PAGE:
‘Buzzer’ at Goodman: New day in neighborhood, but its bright promise is shadowed for 3 friends
By Lawrence B. Johnson
As Tracey Scott Wilson’s urban tragi-comedy “Buzzer” spins through a series of introductory monologues, its mordant wit and coalescing picture of a ménage à trois suggests an updated bundling of the two young men and a woman in Noel Coward’s “Design for Living.” Though the laughs keep coming in “Buzzer,” the comedy soon hones the edges of a bitter tale — of love and hope infected by torment and fear. Goodman Theatre serves it up as potent brew.
Jackson is a smart, focused and ambitious black man who escaped the mean streets of his childhood in a New York ghetto. Now he’s back, Harvard law degree in hand, to stake his claim in the gentrification of the old neighborhood. To an outsider like Jackson’s white girlfriend Suzy, the area still looks pretty unsavory. But Jackson says it’s just a matter of time till Starbucks moves in and rents shoot sky-high. Fact is, he’s bought the very apartment he’s showing her. The future belongs to them, and it’s going to be great. She’ll see.
Designer Walt Spangler’s inside-outside set neatly captures the changing scene: Outside, the Chinese diners and nail parlors, their signs embroidered with graffiti; inside, Jackson’s spacious new abode, the very form and vessel of gentrification.
Whatever Suzy’s misgivings may be about the location, however, they’re nothing compared with the shock she gets when Jackson tells her they’re going to be sharing these digs with their old pal Don.
Lovable Don happens to be on a perpetual merry-go-round with drugs. He’s quit a zillion times, and he keeps turning up like a lost puppy at the doorstep of faithful friend Jackson and long-suffering Suzy. Don’s wealthy father helped Jackson and his mother when the boys were young, and Jackson honors that debt in his constancy toward his troubled friend.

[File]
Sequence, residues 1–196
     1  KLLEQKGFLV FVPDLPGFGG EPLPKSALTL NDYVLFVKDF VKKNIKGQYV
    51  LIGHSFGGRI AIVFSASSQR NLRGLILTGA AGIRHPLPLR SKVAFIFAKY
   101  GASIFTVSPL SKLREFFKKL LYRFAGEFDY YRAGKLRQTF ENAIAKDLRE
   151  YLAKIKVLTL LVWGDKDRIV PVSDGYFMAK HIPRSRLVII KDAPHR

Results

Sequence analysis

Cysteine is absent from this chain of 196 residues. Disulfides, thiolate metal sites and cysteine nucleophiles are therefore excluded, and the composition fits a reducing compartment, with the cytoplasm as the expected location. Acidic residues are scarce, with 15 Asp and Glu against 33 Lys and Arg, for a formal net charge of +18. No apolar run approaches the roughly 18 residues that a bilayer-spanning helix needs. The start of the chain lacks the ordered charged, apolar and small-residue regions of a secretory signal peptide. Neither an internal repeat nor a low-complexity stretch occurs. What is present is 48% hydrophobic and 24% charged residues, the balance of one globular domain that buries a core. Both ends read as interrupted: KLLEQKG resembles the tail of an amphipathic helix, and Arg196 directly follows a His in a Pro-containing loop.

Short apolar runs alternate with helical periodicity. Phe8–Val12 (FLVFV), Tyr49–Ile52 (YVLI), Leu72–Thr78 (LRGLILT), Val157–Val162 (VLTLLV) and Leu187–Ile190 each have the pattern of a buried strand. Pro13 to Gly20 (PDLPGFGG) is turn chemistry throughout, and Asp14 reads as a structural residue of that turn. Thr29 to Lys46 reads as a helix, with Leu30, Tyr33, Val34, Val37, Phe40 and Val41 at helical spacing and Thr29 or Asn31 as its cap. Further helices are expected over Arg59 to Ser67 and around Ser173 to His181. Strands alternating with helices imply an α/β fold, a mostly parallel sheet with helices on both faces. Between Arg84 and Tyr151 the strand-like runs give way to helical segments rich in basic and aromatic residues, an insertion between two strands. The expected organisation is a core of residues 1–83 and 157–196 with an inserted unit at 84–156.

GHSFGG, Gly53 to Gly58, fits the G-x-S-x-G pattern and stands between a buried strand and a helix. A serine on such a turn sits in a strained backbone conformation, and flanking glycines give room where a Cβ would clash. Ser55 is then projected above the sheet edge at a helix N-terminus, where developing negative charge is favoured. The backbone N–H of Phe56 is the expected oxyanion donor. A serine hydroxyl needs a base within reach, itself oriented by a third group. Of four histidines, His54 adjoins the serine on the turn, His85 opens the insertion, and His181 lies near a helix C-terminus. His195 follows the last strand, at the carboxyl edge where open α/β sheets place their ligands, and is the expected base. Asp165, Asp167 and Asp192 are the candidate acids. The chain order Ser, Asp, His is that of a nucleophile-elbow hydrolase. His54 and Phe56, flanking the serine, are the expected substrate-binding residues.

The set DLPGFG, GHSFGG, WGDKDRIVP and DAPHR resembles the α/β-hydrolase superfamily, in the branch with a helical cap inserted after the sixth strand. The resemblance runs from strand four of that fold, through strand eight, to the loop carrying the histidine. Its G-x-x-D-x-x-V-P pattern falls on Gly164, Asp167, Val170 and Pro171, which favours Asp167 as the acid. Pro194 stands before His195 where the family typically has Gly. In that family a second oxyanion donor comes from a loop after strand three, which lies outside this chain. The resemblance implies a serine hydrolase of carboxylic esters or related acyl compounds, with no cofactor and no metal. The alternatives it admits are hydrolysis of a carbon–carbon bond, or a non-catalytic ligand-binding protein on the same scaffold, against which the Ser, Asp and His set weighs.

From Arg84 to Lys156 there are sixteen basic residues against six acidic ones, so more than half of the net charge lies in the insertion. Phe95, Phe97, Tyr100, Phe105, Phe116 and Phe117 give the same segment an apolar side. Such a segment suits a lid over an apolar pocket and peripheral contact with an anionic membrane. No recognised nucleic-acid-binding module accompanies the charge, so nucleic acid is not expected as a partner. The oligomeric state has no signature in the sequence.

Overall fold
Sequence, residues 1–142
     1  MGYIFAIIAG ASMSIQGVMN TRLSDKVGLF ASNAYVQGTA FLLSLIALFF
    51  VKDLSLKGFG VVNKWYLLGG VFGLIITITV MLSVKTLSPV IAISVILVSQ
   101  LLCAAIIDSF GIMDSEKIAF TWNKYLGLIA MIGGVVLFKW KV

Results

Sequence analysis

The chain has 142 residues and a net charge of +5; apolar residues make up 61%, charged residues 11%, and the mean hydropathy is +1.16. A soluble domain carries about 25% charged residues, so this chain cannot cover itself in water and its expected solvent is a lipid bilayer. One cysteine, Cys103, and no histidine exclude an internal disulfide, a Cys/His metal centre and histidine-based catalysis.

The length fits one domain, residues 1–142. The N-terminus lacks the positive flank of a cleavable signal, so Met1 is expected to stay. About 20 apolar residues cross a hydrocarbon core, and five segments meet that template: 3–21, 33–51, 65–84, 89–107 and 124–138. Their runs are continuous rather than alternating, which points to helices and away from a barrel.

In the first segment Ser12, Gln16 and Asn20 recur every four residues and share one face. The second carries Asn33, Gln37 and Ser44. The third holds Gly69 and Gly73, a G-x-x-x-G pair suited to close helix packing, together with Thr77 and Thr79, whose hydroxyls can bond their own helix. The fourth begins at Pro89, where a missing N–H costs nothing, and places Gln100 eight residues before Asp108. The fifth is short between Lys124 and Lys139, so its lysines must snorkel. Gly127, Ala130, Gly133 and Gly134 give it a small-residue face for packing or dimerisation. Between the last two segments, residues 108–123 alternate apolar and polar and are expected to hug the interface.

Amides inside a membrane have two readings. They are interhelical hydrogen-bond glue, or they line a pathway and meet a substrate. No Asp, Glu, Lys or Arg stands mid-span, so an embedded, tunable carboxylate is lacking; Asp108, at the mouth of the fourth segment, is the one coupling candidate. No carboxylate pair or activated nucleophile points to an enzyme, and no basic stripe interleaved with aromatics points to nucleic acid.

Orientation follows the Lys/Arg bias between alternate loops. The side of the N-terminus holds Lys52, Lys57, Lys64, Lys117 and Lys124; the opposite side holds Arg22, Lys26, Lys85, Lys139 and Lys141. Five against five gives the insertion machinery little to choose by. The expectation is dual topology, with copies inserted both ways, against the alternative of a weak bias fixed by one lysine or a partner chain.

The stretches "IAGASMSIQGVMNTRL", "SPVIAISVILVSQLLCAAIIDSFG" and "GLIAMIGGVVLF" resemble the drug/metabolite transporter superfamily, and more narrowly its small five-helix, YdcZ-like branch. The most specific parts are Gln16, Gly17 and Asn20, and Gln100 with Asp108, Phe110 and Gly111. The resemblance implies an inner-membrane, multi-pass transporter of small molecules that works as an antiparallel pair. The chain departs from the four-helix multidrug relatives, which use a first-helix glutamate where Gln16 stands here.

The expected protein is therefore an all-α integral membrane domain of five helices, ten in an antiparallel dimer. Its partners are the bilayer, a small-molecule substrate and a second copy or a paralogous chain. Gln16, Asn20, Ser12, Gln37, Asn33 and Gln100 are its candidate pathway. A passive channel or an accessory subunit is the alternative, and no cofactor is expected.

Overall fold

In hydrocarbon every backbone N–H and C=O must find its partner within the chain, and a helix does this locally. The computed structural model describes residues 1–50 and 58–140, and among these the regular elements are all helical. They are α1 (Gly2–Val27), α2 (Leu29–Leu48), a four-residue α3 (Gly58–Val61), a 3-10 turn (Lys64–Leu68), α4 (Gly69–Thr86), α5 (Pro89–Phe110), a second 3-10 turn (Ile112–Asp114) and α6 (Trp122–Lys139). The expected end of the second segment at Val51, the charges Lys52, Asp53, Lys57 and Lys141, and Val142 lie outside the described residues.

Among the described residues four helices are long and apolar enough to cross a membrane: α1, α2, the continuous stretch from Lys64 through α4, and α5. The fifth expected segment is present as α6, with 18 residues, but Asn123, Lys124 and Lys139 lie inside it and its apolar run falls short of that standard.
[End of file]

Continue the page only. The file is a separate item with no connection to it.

This time, however, Suzy begs Jackson not to let this confirmed loser crash with them. He’ll fall off the wagon just like he always does. Why do they have to take him in again? Why, why, why? But Jackson is resolute, and Suzy capitulates – only when he agrees to a time limit, a few months. And they agree that if Don gets high, he’s out.
Wilson’s emotionally and socially complex, closely crafted play hits its stride when Don enters with his worldly possessions in two garbage bags, and three lives begin an inexorable tumble into chaos and heartbreak.
The dynamics are electrifying among Goodman’s three principals — Eric Lynch as the proud, straight-talking but not altogether clear-sighted Jackson; Shane Kenyon as the drug addict who keeps looking for answers with this couple; Lee Stark as the woman in the middle with more knowledge of the situation than Jackson could ever guess. And where an ascendant black man perceives a once-tough neighborhood on the cusp of reclamation, his white friends see a scary place inhabited by taunting, ominous characters who may not be ready to hand it all over to this new wave of rich interlopers, black or white.
The building’s front-door intercom – the buzzer — doesn’t work properly. When the buzzer sounds in Jackson’s apartment, the occupants can’t hear what the person on the street is saying. Which means somebody has to go down and answer the door. Jackson says he’ll get it fixed. Don and Suzy would like that to happen soon.
Meanwhile, Suzy – an experienced teacher who knows how to handle mouthy kids — isn’t just imagining the rough stuff she’s hearing from the temporarily unemployed on the street. Jackson says he’ll talk to the offenders if she’ll just point them out. Don’s counsel: Don’t even think about approaching those guys; they’ll kick your butt. Stress rises in the apartment, some deep stuff surges to the surface, and one day Don vanishes – only to reappear just as suddenly. Jackson demands to know what’s going on.
Lynch, tall and lean, cuts a credible, indeed imposing figure of a man who will not be played with or put off. He’s like a strong head coach, direct and unequivocal. It’s a volcanic scene, and exemplary of director Jessica Thebus’ perceptive work, as the squirming objects of Jackson’s glare — Stark’s mortified Suzy and Kenyon’s evasively muttering Don — struggle to circumvent the shattering truth.
Funny thing about the word gentrification, this idea of genteel transformation. Jackson is a gentle soul who wants to see the upgraded image of himself reflected in the streets below. Yet at the end of “Buzzer,” this good man and the two people closest to him are all in a tough place. And no reclamation is in sight.
- Performance location, dates times: Go to TheatreinChicago.com